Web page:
Title  : Sword of The Berserk: Guts' Rage
Platforms  : Sega Dreamcast
Publisher  : Eidos Interactive
ESRB Rating  : Mature
Game Rating  : 8.0
Review by  : Richard Rae

Guts (also known as Gattsu) is a lone dark warrior of melancholy nature and somber mood — a mercenary who has lost everything dear to him, and for whom fate holds no bright future. Accompanying him are Puck, a male fairy who serves as the only cheerful and comic element in the entire story, and the wistful Casca, once a warrior but now so emotionally and physically brutalized in a recent disaster that she has gone both mute and mad. Guts wields a huge sword, the "Dragon Slayer," as he seeks vengeance against the supernatural enemies who killed his companions and brutalized his beloved Casca before his eyes. (Are you depressed yet?) 

Sword of the Berserk: Guts' Rage, a Sega Dreamcast game published by Eidos, is actually a "side story" from an extremely popular (and violent) Japanese manga and anime of the same name (Kenpuu Denki BERSERK) created by Kentaro Miura. It serves as a sequel in game form to events already known to followers of the manga and anime. 

As this foreboding Dark Ages fantasy story begins, Guts and his entourage rescue members of a performing troupe from a marauding group of bandits. The band soon enters a dismal, despairing town whose populace stands terrorized by a plague of walking parasitical plants, the Mandragora, which seize control of human or animal hosts and turn them into fierce, horrific mutants. Baron Balzac, the ruler of the town, enlists Guts into helping him locate the Heart of the Mandragora, purportedly to cure those who are unfortunate enough to be inflicted, and he holds out to Guts the hope of even possibly curing Casca's condition. Balzac, however, actually has a much more sinister agenda and his horrific experiments seek to encourage, rather than destroy, the Mandragora outbreak. As the story unfolds and the truth comes out, Guts and his companions also face some truly paradoxical moral and social issues that affect the innocent as well as the guilty. 

"Sword of the Berserk" is essentially an amazing interactive 3D movie with integrated combat sequences. As the frequently unsettling story unfolds, the player must clear battle stages as they occur before the tale moves on. And in some scenes, the player must (a la "Dragon's Lair") choose to press a specified controller button when indicated in order to branch to an alternate story path or prevent Guts from receiving damage. These events definitely keep the players on their toes. 

Control is actually quite simple, with character motion guided by the analog thumb pad, and attacks initiated by the four action buttons. Pressing the triggers in conjunction with button presses can toggle a varying array of attacks and special actions.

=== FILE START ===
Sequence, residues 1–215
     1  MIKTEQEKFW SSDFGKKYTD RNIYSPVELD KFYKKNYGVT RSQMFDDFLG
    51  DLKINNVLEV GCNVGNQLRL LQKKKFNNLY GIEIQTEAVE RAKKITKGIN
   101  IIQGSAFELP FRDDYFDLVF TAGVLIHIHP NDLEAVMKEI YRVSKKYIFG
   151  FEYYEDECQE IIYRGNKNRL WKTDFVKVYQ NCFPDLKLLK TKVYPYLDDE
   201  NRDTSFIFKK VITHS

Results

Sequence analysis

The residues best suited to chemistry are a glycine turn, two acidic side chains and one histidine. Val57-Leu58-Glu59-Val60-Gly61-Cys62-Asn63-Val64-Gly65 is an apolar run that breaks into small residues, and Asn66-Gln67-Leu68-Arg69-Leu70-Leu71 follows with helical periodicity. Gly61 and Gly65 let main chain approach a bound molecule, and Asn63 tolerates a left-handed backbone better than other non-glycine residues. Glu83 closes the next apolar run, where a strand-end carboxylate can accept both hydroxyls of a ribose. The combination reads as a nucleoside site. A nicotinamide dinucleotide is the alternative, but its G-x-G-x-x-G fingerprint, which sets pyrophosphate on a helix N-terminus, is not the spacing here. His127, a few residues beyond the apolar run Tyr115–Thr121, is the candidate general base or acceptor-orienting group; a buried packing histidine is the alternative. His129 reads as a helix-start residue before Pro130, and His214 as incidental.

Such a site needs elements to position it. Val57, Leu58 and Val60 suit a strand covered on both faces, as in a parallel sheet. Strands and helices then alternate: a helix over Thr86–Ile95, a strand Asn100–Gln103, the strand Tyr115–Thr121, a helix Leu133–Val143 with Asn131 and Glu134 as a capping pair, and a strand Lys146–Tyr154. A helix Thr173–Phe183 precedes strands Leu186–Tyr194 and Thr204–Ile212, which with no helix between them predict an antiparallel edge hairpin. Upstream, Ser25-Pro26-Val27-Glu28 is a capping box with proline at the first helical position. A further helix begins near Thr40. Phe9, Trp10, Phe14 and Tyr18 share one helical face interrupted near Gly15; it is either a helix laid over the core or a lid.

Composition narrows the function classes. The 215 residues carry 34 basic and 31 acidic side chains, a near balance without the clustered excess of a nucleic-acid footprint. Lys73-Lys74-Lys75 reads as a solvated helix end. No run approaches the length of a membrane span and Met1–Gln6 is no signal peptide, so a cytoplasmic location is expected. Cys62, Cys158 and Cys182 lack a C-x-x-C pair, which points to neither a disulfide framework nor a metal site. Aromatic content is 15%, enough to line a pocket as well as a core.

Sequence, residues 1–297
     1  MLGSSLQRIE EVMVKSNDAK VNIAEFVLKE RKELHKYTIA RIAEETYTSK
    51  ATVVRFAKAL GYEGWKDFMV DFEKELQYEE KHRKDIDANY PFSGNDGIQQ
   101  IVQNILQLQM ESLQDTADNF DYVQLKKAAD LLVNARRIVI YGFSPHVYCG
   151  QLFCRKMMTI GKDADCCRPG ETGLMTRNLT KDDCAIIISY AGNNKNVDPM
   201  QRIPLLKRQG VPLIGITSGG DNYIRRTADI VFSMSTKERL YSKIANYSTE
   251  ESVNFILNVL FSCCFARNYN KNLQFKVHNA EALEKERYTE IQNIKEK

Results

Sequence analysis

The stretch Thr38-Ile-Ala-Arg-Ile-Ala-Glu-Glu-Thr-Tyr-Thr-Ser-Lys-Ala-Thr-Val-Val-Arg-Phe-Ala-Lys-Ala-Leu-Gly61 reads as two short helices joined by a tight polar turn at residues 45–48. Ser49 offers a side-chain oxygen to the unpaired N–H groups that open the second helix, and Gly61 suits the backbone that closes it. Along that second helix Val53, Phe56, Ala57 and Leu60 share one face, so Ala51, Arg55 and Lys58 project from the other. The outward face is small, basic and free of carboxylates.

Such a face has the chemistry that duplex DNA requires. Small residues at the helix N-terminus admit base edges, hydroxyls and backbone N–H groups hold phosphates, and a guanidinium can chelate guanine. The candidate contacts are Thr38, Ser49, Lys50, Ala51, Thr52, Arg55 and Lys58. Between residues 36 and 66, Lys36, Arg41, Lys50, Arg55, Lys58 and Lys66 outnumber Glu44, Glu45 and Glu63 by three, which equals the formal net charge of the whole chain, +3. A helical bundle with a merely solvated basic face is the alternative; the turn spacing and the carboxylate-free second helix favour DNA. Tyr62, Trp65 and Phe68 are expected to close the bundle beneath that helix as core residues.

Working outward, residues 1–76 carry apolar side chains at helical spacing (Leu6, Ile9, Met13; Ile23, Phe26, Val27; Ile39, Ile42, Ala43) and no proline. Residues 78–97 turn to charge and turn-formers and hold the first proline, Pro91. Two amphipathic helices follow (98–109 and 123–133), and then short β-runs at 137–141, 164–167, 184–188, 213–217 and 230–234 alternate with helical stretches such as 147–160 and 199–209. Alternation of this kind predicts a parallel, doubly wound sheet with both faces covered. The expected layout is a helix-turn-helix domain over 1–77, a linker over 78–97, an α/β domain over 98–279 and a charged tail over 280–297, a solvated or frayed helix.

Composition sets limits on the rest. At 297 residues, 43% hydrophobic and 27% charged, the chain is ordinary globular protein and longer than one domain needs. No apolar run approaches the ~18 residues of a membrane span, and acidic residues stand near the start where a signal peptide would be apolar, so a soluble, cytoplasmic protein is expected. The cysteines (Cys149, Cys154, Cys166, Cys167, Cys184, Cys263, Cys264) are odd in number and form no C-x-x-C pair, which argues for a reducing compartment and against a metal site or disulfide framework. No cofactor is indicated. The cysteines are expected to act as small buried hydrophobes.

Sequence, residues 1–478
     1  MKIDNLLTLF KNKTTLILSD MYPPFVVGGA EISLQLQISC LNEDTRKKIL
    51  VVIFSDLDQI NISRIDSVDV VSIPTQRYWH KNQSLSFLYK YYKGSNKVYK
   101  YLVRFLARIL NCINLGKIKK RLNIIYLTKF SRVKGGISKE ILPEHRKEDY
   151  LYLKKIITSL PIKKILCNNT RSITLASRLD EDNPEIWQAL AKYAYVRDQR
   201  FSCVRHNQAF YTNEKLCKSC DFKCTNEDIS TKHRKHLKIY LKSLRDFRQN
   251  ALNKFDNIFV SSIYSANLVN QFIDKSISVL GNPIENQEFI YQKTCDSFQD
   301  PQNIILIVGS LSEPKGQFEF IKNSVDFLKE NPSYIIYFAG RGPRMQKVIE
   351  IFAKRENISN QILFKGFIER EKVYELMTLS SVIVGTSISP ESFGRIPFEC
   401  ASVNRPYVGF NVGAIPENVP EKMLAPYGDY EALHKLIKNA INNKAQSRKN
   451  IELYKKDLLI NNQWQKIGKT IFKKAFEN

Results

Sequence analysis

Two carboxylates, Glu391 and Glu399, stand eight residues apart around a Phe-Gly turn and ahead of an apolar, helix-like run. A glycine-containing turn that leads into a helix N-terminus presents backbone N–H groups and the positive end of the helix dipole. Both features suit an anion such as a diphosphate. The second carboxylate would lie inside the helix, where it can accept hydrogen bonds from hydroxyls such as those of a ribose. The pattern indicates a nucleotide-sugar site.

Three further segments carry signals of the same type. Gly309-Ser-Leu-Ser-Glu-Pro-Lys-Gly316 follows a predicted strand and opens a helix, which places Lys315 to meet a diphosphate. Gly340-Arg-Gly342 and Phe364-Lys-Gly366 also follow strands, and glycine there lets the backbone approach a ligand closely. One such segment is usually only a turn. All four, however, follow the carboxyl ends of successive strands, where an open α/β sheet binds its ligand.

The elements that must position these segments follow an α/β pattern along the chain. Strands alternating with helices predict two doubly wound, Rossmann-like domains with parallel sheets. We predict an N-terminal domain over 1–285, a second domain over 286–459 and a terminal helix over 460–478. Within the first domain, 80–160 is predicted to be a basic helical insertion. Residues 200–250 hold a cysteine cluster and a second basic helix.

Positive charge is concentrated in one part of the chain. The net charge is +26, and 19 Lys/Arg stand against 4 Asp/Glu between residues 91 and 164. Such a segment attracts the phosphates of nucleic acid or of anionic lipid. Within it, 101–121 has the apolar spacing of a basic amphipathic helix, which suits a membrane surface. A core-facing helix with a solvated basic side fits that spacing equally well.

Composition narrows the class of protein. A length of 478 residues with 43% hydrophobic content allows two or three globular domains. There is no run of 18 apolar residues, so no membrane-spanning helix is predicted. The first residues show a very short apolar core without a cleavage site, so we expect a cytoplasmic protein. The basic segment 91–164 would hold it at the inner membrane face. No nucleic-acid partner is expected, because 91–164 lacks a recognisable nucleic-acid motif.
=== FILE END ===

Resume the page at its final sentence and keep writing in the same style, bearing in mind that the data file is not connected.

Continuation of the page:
Graphics are excellent with impressive terrain features with which to interact (including doors to break down and things to smash). Character rendering is extremely smooth, though the faces generally don't change expression very much. The game does feature some extremely gruesome imagery, however, and blood sprays everywhere when Guts wields his mighty Dragon Slayer sword. 

Guts' left forearm was severed during the same horrifying incident that put out his right eye and traumatized Casca, and he wears a mechanical replacement forearm equipped with a combination rapid-fire crossbow and explosive launcher. While explosive blasts and grenades are limited in supply (and are replenished through success or finding items), crossbow bolts and throwing knives are unlimited. Guts also has at his disposal a limited supply of "Fairy Dust," which heals all injuries and restores the player's HP bar to maximum. 

In battle sequences, wave after wave of enemies attack from all directions, getting their own licks in while you try your best to slash and hack your way through them. Each type of enemy has unique behavior and patterns, and battle sequences keep you constantly thinking as a melee unfolds. Periodically, Guts goes into "Berserk Mode," his power increases, and his blows often bisect or maim attacking enemies with one hit. 

Because the story actually develops and progresses like an anime film, hardcore action gamers may tire of the story development and keep pressing the "Start" button to skip the sequences and get right to the hacking and slashing. This, however, is not something I recommend, as the story itself is so good that you're missing out on the entire, involving experience if you are in this game just for the bloodshed. Mark my words, you'll be itching to see what happens next. 

I highly recommend "Sword of the Berserk," though I also can't stress strongly enough that potential players and parents heed the "Mature" rating of this game. It is uncompromisingly violent, dark, and depressing, makes no apologies for its brutality of story bordering on gothic horror, and has some graphic visuals and scenes that could give pre-teens nightmares. 

But, if none of these elements bother you, pop this unique product into your Dreamcast and get ready for an unforgettable medieval fantasy-horror story that you may find more engrossing than the gameplay itself. 


This article is copyright (c) 2000, 2007 by Ken Gagne. All rights reserved. Not to be distributed without permission.

Original publication: Sentinel & Enterprise, 01-May-00